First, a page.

When it comes to breast cancer detection be your own best advocate

Early detection leads to less aggressive treatments and a much higher rate of survival. Photo: Pexels

(Tina Dawn/ VM-Med) — First, the bad news. It is estimated that 28,600 Canadian women will be diagnosed with breast cancer this year, representing 25 percent of all new cancer cases in women. Breast cancer is the most common cancer among Canadian women (excluding non-melanoma skin cancers) and the second leading cause of death from cancer in Canadian women.

There’s good news, however. The breast cancer death rate peaked in 1986 in Canada and has been declining ever since. That’s in large part due to better screening procedures and the prevalence of mammograms to detect breast cancer. With more awareness and better access to detection tools women have better odds of beating the disease.

Early detection is key

Although breast cancer screening cannot prevent breast cancer, it can help find breast cancer early, when it is much easier to treat. Early detection leads to less aggressive treatments and a much higher rate of survival. Depending on your age and your family risk factors, it’s important to talk to your doctor about which breast cancer screening tests are right for you, and when you should have them.

Certain factors or family history of breast cancer, ovarian cancer, or other hereditary breast and ovarian syndrome-associated cancer can make you more of a likely candidate for breast cancer. Other risk factors are early menarche or late menopause, increasing age, higher body mass index, alcohol consumption, smoking, or dense breasts on a mammography. Certain ethnic groups have a higher incidence of the BRCA mutation.

It’s also important that women recognize that not having prior family history with breast cancer does not automatically protect them, therefore leading them to a false sense of security. Don’t assume that because it “doesn’t run in your family,” that you’re not a likely candidate for breast cancer. Statistics show that more than 75 percent of women who have breast cancer have no family history of the disease.

Make breast cancer screening a routine part of your healthcare

Canadian guidelines recommend that women who are 50 to 74 years old and are at average risk for breast cancer get a mammogram every two years. Women who are 40 to 49 years old should talk to their doctor about when to start getting mammograms and how often to get one.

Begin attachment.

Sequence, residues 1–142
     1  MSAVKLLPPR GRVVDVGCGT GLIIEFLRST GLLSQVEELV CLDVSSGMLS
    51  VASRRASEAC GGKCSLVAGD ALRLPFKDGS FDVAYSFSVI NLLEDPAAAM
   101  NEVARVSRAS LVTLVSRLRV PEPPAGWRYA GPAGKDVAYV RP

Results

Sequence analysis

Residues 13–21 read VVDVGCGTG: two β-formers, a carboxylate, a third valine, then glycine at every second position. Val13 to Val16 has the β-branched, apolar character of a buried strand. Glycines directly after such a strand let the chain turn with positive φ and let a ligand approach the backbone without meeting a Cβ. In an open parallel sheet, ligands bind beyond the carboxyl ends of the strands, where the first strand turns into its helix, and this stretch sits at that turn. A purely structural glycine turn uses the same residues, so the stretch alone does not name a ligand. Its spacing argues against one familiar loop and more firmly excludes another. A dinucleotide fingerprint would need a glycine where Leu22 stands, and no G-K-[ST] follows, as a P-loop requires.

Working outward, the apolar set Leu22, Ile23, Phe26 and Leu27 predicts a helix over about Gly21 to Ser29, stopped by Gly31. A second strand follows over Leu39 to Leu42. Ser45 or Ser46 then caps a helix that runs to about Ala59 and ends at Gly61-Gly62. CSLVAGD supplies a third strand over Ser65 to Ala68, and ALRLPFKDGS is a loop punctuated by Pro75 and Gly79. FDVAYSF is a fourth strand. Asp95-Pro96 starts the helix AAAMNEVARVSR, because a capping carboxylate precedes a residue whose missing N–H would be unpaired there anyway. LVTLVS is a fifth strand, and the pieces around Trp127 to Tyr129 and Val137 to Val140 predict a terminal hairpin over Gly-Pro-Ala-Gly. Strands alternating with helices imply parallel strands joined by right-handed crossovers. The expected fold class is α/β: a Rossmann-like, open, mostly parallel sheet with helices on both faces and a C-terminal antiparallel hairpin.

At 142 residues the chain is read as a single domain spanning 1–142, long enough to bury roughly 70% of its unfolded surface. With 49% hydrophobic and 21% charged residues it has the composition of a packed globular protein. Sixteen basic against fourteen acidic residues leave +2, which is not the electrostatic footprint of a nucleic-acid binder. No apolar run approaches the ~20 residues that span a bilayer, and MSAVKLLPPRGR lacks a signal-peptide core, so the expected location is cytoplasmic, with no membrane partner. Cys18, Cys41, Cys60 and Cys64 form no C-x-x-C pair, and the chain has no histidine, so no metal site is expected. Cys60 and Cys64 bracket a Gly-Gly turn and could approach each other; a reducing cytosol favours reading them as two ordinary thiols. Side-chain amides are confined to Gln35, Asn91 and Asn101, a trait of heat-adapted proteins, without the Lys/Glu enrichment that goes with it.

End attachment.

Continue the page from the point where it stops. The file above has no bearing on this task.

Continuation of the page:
Mammograms are an essential tool in the fight against breast cancer and having regular mammograms has shown to lower the risk of dying from breast cancer. A breast MRI is often also used along with mammograms to screen women who are at high risk for getting breast cancer.

Become familiar with your breasts

Taking control of your own health also means becoming familiar with your own body and learning to detect early when something doesn’t feel right. Being familiar with how your breasts look and feel can help you notice early symptoms such as lumps, pain, or changes in size that may be of concern.

These could include changes found during a breast self-exam. A new lump in the breast or underarm (armpit), thickening or swelling of part of the breast, irritation or dimpling of breast skin, redness or flaky skin in the nipple area or the breast, are all signs that you should not ignore and should immediately report to your doctor or health care provider.

Be proactive about your health

The Canadian Cancer Society recommends that you talk to your healthcare provider if you notice any changes, and about the benefits and limitations of having a mammogram to screen for breast cancer. You can then decide what’s right for you based on your age, risk factors, values and preferences.

Breast self-examination, breast self-awareness, breast examination by your doctor or clinical healthcare provider, and mammography or a breast MRI are all used alone or in combination to screen for breast cancer.

At the end of the day, paying attention to your own body and being aware of your risk factors (both genetic and environmental) ensures you have better odds of both detecting breast cancer early and beating the disease. Being your own best advocate ultimately means taking your breast healthcare in your own hands.

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